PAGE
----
Hundreds of thousands of people wait in anticipation for the Superbowl to come around each year. To watch their favorite teams? To watch the most highly sought prize for the professional football player? No, they watch it for the commercials.
I myself have always been a commercial nut. My mother tells me when I was 5 years to 10 years old I would stop playing (or whatever I was doing) to run into the television room to watch the commercials. Then I would return to whatever activity I was doing at the time until the next commercial break. I am glad to see I am not alone in this habitual undertaking. I have observed in a sports bar that while the Superbowl game was being played there was much hustle and bustle with conversations all around. That is until the commercial breaks at which time the entire place would be silent and most everyone’s attention would be focused on the screens throughout the sports bar.
The commercials themselves have become the event inside the event to watch each year. Marketing professionals battle to see who can push the limits and boundaries by producing the most talked about commercial for the Superbowl. Who will win the contests for the most talked about commercial at the water cooler in businesses around the world? Each year the cost of producing and buying time increases. Is it worth the cost of millions to have a 30 second spot during the Superbowl? The answer is obviously “yes” regardless of the commercial. They are all talked about in blogs, surveys, word of mouth and re-airing on web sites like YouTube.com.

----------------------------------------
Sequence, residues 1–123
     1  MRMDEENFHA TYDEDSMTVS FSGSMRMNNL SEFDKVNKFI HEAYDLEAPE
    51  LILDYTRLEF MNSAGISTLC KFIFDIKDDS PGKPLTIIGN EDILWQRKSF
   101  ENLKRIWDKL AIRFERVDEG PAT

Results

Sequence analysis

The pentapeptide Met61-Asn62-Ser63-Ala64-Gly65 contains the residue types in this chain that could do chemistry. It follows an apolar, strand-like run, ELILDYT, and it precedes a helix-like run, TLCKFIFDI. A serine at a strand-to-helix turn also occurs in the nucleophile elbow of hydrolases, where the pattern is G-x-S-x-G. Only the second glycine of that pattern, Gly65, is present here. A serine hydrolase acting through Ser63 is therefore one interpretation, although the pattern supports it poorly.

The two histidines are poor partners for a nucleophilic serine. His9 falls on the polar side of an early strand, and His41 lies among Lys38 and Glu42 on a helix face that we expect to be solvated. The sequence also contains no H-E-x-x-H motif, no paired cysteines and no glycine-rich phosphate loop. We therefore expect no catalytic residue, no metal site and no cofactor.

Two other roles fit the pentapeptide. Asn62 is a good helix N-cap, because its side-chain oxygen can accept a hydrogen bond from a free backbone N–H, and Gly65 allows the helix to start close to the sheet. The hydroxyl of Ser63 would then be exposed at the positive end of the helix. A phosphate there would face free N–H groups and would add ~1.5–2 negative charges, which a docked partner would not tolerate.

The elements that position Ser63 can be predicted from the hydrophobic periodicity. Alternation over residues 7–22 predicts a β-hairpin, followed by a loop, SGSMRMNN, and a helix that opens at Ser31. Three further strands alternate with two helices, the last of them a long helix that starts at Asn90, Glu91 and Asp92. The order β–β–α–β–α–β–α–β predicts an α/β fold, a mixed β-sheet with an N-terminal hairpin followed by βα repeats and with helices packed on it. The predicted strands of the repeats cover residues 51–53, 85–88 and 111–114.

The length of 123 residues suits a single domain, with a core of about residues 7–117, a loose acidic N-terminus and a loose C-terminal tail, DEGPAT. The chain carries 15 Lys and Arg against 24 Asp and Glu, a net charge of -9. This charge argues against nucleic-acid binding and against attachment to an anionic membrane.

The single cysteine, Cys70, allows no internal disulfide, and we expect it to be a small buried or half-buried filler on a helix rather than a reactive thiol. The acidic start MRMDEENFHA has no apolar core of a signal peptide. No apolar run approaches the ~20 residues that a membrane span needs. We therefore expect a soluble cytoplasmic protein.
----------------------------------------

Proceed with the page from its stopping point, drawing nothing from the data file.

While each year there are some commercials that disappoint the viewer, there are those that make us laugh and even some that inspire. The Superbowl commercial up to 2007 that inspired me the most was the Budweiser commercial where the US Army unit disembarked from their tour and were walking through the airport terminal. You heard a single clap and one by one the clapping increased till it was a grand applause. The look in the soldiers eyes said it all. So did the commercial. No talking and it said so much.
This year, Coke brought us the Tribute to Black History. How appropriate was this since for the first time ever, both of the head coaches were black and Coke celebrated that achievement. Unfortunately, there is always the flip-side to an inspirational commercial. That is the thoughtless one. GM’s Robot commercial while being a great graphical achievement turned out to be extremely thoughtless. The robot committed suicide. This was insensitive on two fronts. The first being making light of suicide is just wrong. The second being that one of the head coaches son had committed suicide. I can not help but feel empathy for him when he goes back to watch himself in the Superbowl just to be reminded of the most tragic even in his life and to see it done in poor taste.
But I reiterate, for the disappointing commercials, there are also those that make us laugh and inspire. So for those, and for Budweiser and Coke, I salute you and look forward to more powerful and inspirational commercials in the future.